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Snake season: It’sssssss not all bad, say scientists


With temperatures rising across the Hunter, snakes are becoming an inevitable companion on many bush tracks, backyards and garden sheds. 

Although the thought strikes fear into the minds of many outdoor lovers, researchers at the CSIRO say it needn’t. 

In fact, Australia’s leading science agency says there are many reasons to love snakes. 

Not only are they an important element in the balancing of ecosystems, without them we’d be overrun by problematic prey species. 

Snake venom has also served as a valuable medicinal ingredient for centuries, used in a wide range of pharmaceuticals. 

And, the slippery creature that’s been given a bad rap since Adam and Eve, is actually vital in nutrient cycling and energy flows within ecosystems. 

While Australia has around 190 species of land snake, less than 10% of those are potentially dangerous to humans. 

Rats, reptile friends become a sssssolution 

Mice have been a problem in Australia ever since 1788, causing millions of dollars in damage to grain-growing regions across Australia. Without snakes, we’d have an even bigger challenge on our hands.  

“Snakes are incredibly important for the balance of ecosystems. They help keep their prey species – including rodents and spiders – in check.  

“While snakes don’t eat enough to be a “solution” to plagues of mice and rats, they do help to maintain the structure and stability of Australia’s ecosystems.” 

We need their venom 

Only 12 species of venomous Australian snakes have bites that could be life-threatening to humans. But snakes help save lives every day. 

CSIRO herpetologist (snake expert) and ecotoxicologist Dr Damian Lettoof says snake venom has been used for medicinal purposes since at least the first century and is now a key ingredient in many different drugs. 

“The African black mamba’s venom contains a potent painkiller, and through our Kick-Start program, CSIRO worked with the Australian company Q-Sera to manufacture RAPClot, a fast-acting pro-coagulant that is based on snake venom. 

“Elsewhere in the country, Dr Michelle Yap Khai Khun of Monash University is researching how cytotoxins in Sumatran cobra venom can kill cancer cells. Michelle says the team wants to wrap the toxic agent into nanoparticles and deliver them to targeted cancer cells.”


Snakes as recyclers 

Snakes play an important role in nutrient cycling and seed dispersion. In a well-balanced ecosystem, snakes are also often both predator and prey, with smaller snakes being prey for larger predators.

Many native Australian animals prey on snakes. This group includes dingoes and goannas, birds like the brown falcon or the kookaburra, and even other snakes. In this way, snakes contribute to the energy cycling of the ecosystem. 

In addition, Damien explains that snakes are ectothermic. That is, they rely on external sources for their body heat, such as the sun or a nice warm rock.

They can slow their bodies down and survive in harsh conditions longer than birds and mammals can. This means that as prey, they store energy for the food web and ecosystem for when conditions improve.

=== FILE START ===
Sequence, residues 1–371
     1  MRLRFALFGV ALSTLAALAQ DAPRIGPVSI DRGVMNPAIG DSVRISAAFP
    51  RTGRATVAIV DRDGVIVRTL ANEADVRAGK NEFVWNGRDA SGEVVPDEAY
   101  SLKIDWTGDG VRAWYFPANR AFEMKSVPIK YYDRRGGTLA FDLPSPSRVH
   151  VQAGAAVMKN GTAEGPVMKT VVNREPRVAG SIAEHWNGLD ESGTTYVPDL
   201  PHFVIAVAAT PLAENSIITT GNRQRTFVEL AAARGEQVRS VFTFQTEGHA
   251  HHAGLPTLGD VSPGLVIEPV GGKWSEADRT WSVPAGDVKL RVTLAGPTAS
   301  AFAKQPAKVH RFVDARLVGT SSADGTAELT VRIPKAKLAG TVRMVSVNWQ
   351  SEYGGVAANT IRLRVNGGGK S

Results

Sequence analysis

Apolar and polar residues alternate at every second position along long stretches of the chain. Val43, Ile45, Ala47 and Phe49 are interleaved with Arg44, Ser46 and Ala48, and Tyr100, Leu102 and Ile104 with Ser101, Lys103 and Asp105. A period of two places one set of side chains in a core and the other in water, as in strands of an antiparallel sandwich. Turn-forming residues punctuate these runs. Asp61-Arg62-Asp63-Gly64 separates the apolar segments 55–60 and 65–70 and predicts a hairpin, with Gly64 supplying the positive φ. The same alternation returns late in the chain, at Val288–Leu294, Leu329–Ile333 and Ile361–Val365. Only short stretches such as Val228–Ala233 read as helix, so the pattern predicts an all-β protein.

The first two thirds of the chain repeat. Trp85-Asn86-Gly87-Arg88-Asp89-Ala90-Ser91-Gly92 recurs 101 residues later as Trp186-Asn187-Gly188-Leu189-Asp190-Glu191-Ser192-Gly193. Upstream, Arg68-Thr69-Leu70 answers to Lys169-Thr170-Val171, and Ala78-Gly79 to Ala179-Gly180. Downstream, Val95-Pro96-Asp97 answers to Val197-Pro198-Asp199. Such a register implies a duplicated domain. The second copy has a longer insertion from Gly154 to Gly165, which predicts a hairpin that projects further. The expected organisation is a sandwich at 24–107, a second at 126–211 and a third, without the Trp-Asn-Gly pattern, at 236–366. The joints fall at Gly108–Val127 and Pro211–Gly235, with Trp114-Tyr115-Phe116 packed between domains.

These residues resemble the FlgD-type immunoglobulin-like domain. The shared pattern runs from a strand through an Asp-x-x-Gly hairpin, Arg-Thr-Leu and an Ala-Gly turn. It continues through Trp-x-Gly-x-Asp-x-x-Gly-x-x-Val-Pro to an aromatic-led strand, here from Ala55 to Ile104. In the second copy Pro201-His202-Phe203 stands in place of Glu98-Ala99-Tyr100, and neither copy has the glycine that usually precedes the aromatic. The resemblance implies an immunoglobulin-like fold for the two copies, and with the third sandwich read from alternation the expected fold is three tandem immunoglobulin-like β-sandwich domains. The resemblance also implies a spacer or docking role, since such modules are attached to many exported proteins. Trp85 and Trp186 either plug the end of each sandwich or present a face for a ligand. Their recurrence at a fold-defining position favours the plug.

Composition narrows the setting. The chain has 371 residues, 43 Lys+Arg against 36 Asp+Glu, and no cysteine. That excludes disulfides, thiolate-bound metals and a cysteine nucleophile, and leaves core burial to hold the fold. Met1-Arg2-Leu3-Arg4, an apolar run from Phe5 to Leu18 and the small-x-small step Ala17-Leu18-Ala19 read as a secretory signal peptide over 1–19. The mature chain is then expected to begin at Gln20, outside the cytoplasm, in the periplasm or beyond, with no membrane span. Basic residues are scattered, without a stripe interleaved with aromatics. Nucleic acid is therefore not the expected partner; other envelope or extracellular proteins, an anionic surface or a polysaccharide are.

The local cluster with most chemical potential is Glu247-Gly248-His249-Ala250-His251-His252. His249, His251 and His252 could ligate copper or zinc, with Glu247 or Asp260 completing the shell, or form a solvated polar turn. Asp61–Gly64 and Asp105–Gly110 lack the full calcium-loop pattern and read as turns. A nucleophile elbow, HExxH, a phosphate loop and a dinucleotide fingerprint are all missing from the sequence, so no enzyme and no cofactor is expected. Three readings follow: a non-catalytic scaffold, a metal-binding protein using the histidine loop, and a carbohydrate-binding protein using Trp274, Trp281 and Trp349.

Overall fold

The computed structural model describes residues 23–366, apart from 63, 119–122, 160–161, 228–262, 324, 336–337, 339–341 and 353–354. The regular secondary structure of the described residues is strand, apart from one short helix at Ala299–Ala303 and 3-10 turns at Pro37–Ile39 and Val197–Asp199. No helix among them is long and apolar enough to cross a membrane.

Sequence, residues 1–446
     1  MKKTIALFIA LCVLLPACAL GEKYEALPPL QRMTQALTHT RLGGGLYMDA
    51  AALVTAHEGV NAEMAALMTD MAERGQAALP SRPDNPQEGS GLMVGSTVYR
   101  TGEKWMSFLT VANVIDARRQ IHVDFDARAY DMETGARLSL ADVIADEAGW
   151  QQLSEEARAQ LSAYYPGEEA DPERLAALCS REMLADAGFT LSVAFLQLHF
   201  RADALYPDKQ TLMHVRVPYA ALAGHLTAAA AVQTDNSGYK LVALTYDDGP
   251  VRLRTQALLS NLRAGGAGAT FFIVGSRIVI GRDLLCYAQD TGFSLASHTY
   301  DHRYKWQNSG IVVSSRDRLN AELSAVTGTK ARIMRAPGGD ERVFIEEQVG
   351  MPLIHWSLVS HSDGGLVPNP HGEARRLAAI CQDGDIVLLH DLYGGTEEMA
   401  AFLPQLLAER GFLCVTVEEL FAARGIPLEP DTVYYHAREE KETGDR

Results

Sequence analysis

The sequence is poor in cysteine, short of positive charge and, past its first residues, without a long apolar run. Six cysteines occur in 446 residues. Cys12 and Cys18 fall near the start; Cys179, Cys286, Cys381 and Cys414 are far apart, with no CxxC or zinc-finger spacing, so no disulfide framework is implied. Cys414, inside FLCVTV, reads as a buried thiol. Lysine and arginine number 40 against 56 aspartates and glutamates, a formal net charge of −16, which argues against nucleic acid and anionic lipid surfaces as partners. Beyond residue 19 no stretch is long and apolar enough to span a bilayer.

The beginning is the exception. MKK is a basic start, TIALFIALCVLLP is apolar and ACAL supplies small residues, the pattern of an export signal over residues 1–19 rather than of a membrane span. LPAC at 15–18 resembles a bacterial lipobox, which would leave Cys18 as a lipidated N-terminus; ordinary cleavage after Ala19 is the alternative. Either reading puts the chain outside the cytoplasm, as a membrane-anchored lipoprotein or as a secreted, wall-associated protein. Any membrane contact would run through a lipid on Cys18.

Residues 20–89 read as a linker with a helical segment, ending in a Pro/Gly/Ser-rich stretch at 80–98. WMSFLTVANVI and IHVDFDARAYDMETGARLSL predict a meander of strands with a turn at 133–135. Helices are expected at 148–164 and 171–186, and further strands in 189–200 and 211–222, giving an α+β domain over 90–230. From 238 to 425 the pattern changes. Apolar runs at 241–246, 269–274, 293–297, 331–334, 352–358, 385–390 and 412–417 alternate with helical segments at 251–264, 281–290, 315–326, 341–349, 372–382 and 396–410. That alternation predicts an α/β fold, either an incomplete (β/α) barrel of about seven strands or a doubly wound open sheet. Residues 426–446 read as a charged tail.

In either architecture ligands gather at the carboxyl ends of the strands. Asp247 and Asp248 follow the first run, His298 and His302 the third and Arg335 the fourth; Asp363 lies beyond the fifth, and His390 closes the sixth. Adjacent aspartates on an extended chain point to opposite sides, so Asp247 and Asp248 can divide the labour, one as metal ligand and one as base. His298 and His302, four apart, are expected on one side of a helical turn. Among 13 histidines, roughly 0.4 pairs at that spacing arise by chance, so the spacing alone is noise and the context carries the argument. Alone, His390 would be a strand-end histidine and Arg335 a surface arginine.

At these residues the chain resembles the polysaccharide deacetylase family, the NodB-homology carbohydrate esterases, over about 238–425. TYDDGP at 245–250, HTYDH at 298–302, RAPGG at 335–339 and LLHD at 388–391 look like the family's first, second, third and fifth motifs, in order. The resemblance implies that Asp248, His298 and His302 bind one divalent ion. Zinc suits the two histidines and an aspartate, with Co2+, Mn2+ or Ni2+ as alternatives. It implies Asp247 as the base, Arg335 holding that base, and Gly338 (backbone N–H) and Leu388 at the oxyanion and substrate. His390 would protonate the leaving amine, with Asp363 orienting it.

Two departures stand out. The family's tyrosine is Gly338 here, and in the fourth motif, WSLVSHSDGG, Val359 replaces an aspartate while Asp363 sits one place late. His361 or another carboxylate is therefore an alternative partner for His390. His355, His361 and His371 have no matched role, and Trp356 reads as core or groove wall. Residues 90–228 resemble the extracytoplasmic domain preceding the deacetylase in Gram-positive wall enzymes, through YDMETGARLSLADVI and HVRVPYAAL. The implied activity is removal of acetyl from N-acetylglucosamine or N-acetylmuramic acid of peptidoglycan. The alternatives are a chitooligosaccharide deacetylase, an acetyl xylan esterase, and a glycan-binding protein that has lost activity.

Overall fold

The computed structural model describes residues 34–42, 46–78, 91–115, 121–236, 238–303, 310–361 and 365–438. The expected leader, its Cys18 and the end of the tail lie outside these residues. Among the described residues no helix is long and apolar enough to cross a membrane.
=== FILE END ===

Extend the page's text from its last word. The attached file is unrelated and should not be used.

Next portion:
Fun facts 

  • Some herpetologists say older types of snakes, including pythons, still have vestiges of legs from way back when. 
  • Snakes’ bodies are much cooler than you realise. Damien said many snakes shrink their whole digestive tract after a meal and then regrow it when they start eating again. This one weird trick saves them energy in between months of fasting, by not using excess energy maintaining all the cells in an entire digestive tract. 
  • Snake’s tongues smell, and snakes can smell the difference between left and right. They “collect” smells on their tiny little forked tongues, and their brain knows where the smell is coming from by which side of the tongue has the strongest smell. 

Staying safe around snakes 

Here are some tips for avoiding them and what to do when you spot one: 

  • When out bushwalking and hiking, stay on the trail. Make a little noise as you go to give any snakes in the area notice of your arrival. 
  • Keep your yard tidy and clean of rubbish. Snakes love to hide, so give them fewer reasons to hang out at your place. 
  • Bird aviaries and chicken coops attract mice, because of the amount of seed and mess. Clean up after your chooks and keep them safe from unwanted visitors. 
  • If you find a snake in your house or property, don’t try catching it: that’s how people get bitten. Even baby snakes can be just as dangerous as adults. Keep yourself safe and call a professional snake catcher. But keep your eye on that snake, because they love disappearing when you’re not looking. 
  • If you do have a snake in your home, before you call a snake catcher, shut the snake in one room (without you in it). With the snake then confined, put a rolled-up towel at the bottom of the door to keep the snake in the room, making it easier for the expert to catch. 
  • Australian snakes aren’t naturally aggressive, and only attack if they’re provoked. If you meet a snake, give them some space and a chance to escape. Better yet, walk calmly in a different direction. 
  • Snakes are protected native animals in all states and territories of Australia and it’s illegal to kill them. Since most snake bites happen when people try killing or catching snakes, it’s better for us share our boundless plains with them peacefully. 

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